Exodus 33:12–34:26 and Numbers 29:17–22
Sukkot: Yom Kippur's Counterbalance
by Rabbi Michael Cohen for Jewish Reconstructionist Communities
Imagine Yom Kippur, the synagogue packed for the holiest day of the year. The anticipation of the day is upon everyone as they take their seats. But suppose something different occurs: Mahzorim for Sukkot are handed out along with hundreds of pairs of lulav and etrogom. This is one of my rabbinic fantasies -- to switch Yom Kippur with the first day of Sukkot. We often bemoan the fact that our synagogues are never so full as they are on Yom Kippur. Part of the problem with the rest of the year has to do with what happens on Yom Kippur! Known as the holiest day of the year, Yom Kippur is the day that we go to shul. That long day in synagogue reinforces the idea that Judaism is heavy and serious, and that we should spend our time inside the synagogue in prayer or study. The problem with this picture is that it does not present a balanced view of what Judaism that takes us beyond the walls of the synagogue.
The worshiper also needs Sukkot which counterbalances Yom Kippur. Yom Kippur takes place inside; Sukkot takes place outside. On Yom Kippur we fast; while on Sukkot we feast. On Yom Kippur we pray and study with our minds; for Sukkot we build with our might. On Yom Kippur we hold a book in our hands; on Sukkot with the lulav and etrog we hold nature. On Yom Kippur we are serious and introspective; on Sukkot we are told to be joyful.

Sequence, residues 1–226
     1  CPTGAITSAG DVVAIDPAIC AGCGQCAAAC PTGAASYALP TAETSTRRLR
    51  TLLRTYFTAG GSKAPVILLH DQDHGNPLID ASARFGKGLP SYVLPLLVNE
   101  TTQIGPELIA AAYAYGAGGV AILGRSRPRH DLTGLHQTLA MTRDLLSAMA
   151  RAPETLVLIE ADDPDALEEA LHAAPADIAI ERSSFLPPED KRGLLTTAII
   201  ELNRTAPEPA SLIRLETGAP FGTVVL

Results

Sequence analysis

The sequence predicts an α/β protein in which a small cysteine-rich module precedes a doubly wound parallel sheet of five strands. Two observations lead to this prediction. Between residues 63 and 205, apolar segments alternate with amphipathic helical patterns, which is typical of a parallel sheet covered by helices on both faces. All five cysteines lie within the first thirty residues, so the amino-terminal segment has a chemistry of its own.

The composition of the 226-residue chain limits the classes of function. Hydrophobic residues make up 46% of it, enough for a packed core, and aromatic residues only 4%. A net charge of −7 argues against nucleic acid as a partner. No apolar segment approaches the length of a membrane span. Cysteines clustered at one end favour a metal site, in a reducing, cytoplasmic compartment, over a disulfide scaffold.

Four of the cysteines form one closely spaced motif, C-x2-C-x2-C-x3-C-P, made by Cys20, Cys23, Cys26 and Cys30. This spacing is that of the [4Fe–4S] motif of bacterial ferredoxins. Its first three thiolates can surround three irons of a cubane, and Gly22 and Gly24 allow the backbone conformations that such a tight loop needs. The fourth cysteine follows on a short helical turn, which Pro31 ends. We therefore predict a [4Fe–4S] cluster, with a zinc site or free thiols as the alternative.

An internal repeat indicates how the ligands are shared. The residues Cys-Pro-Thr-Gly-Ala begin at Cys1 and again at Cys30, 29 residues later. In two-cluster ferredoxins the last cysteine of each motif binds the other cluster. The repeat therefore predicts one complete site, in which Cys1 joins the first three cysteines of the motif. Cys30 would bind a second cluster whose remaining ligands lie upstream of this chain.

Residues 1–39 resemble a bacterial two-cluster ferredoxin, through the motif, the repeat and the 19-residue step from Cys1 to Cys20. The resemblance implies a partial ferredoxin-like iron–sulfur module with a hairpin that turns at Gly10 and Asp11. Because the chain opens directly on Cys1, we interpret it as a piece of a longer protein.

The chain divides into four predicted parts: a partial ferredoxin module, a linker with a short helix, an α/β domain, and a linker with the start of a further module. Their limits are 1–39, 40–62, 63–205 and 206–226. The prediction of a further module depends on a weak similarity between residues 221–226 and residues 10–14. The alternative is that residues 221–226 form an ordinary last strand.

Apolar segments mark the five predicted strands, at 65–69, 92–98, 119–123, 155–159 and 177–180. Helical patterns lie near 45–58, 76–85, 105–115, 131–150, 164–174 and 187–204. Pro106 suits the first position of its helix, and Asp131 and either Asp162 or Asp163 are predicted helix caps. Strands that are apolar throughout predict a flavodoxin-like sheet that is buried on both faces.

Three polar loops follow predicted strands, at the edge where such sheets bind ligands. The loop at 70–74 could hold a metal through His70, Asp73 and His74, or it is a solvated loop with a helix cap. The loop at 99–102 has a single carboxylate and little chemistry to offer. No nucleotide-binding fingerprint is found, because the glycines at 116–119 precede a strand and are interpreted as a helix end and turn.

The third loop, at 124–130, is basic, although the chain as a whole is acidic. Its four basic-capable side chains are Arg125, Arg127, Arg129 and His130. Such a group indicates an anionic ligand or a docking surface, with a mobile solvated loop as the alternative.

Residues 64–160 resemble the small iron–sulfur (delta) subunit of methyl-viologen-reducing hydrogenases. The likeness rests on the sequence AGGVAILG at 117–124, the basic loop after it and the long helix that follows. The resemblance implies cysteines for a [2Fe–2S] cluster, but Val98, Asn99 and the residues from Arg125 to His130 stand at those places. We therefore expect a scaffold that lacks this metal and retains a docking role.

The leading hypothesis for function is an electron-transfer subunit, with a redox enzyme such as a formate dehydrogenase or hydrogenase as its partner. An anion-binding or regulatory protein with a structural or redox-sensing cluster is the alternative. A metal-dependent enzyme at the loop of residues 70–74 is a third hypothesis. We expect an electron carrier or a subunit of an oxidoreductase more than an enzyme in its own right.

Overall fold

One of the giants of Kabbalah, Isaac Luria (16th century), instructed his disciples that the cultivation of joy is one of the prerequisites for attaining mystical illumination. Having gone through the necessary ten days of teshuvah (return) from Rosh Hashanah through Yom Kippur we are ready to begin our engagement with the new year. That engagement can only take place with joy as one of its elements, the joy of Sukkot sets our bearings on the right course.